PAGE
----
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UK's Osborne Still the Darling of the Bond Market?

Since taking power in 2010, the key achievement of George Osborne, the UK chancellor, has been convincing the bond vigilantes that Britain’s debt burden is manageable. The prize for Osborne and the UK public has been very low borrowing costs.

Big Ben
Don Klumpp | Iconica | Getty Images
Big Ben

Osborne has done such a good job convincing the market of Britain’s fiscal solvency that the boss of the world’s biggest bond fund says Osborne has the scope to pump some money into the economy.

"The economy in the UK is worse off than it was when the plan was developed, so there should be at a minimum fine-tuning and perhaps re-routing of the plan,” said Bill Gross, the manager of PIMCO, in an interview with the Times Newspaper on Monday.

"The UK is actually in the best position of all to make a mid-course correction," he added.

Gross’ comments will be welcomed by the Chancellor and the UK government but play into the UK national debate on austerity in a way that will also be welcomed by Osborne’s political opponents.

On the one hand Gross makes it clear that Britain has some wiggle roomdue to its decision to take the knife to government spending following the austerity measures put in place since the election in May of last year.

The problem is that the manager of the world’s largest bond fund is telling the UK that it would be OK to work on a plan B, something Osborne has consistently ruled out as the Labour opposition has called for a number of cuts to be delayed to help shore up economic growth.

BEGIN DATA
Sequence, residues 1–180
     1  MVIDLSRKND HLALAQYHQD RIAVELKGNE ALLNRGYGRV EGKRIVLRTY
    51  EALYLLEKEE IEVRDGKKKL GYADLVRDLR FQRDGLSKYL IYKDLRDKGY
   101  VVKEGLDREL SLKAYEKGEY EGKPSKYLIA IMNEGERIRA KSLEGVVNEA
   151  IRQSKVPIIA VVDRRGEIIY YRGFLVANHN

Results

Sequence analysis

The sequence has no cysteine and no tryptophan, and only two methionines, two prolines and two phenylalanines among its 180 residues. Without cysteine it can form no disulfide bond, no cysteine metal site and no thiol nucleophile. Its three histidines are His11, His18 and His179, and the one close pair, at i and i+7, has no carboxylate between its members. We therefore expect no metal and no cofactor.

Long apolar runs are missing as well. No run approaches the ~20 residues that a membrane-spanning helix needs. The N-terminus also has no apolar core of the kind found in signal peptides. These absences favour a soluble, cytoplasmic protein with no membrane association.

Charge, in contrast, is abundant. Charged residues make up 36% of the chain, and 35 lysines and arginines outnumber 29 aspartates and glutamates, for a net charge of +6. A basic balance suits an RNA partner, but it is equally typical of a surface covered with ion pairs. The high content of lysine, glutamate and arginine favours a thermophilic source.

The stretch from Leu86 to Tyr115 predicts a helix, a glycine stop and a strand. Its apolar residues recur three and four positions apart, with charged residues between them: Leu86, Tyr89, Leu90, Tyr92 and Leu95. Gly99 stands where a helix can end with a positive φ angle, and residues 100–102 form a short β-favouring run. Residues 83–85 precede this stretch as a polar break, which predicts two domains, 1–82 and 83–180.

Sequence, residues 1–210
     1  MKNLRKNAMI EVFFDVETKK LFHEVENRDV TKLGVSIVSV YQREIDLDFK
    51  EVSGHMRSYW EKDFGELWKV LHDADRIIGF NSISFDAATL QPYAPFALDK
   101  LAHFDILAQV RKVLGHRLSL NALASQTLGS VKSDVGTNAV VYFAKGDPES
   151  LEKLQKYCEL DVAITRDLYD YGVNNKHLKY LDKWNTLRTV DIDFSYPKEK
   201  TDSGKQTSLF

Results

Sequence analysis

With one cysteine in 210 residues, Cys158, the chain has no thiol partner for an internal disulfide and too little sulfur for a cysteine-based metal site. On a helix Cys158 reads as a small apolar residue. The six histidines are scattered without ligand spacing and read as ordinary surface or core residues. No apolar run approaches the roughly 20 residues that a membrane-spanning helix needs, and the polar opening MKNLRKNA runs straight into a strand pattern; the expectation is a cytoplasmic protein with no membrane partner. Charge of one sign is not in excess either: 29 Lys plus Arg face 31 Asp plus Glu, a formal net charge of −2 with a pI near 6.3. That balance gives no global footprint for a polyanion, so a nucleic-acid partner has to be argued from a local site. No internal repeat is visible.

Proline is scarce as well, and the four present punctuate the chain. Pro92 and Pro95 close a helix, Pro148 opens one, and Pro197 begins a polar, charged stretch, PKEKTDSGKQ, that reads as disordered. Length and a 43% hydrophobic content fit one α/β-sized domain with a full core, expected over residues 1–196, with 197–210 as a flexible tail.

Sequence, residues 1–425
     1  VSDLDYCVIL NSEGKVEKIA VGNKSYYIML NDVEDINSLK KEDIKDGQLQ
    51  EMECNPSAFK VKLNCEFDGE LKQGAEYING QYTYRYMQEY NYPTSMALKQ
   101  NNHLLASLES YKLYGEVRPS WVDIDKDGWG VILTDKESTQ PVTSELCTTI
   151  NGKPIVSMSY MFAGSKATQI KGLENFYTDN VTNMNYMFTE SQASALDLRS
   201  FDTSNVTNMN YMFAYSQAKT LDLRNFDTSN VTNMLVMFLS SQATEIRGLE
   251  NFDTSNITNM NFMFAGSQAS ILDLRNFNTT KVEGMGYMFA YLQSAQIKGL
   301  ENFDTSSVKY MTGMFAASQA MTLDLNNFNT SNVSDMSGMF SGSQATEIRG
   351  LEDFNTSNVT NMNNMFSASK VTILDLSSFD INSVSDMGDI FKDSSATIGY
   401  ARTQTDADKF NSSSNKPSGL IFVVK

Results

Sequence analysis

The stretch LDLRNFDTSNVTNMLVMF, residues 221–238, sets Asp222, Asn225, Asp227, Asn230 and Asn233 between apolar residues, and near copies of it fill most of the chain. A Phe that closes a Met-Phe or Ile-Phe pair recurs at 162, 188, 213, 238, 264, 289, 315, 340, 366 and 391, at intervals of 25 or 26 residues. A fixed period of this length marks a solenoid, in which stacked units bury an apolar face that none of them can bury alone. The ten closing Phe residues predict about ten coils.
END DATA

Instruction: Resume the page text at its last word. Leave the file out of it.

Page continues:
The UK opposition is edging ahead in the polls as austerity measures hit the public sector and economic growth falters, but at the weekend even a prominent figure of the Labour party spoke in favor of austerity.

Ex-Chancellor Attacks

Alistair Darling, the former UK chancellor, kicked off his book tour by telling the BBC that his relationship with Gordon Brown when Brown was Prime Minister was "dysfunctional" and said the last Labour government was in "chaos" amid infighting over how to respond to the financial crisis.

Darling added that Brown’s refusal to allow Darling to outline possible spending cuts played straight into his enemies' hands.

Highlighting just how divided the last government was helped the current government hold on to its relative unity and hit out at the current opposition.

“Alistair Darling has now admitted that Labour did not have a credible economic policy last year because they refused to say what spending they would cut,” the Conservative Deputy Party Chairman, Michael Fallon, said.

“Yet Gordon Brown’s protege Ed Balls [current shadow Chancellor] is still in denial by sticking to the same course of spending and borrowing more,” Fallon added.

So Osborne can take the political high ground at a time when the opposition had hoped it was finally beginning to profit from government cuts and its handling of the recent riots in the UK.

Instead, they are dealing with further embarrassment from their former leadership and being told that current government policy has been so successful that there is now wiggle room on austerity by Bill Gross.

The risk for Osborne remains the same, the economy. The British Chamber of Commerce cuts its growth forecasts late last week saying unemployment is rising, inflation remains high and growth is slowing.

As Greece has shown, austerity can actually add to your fiscal woes if growth is impacted. Tax revenues fall and no matter how much you cut it can become very difficult to meet fiscal targets.

Unlike Greece, the UK does not have the IMF and bond market breathing down its neck. Getting ahead of the bond market looks like a very good call by Osborne and if the bond market begins asking for a little more growth than austerity, the UK chancellor can turn around and say "we don’t want to end up like Greece," a message he used to sell austerity in the first place.

Contact Europe: Economy

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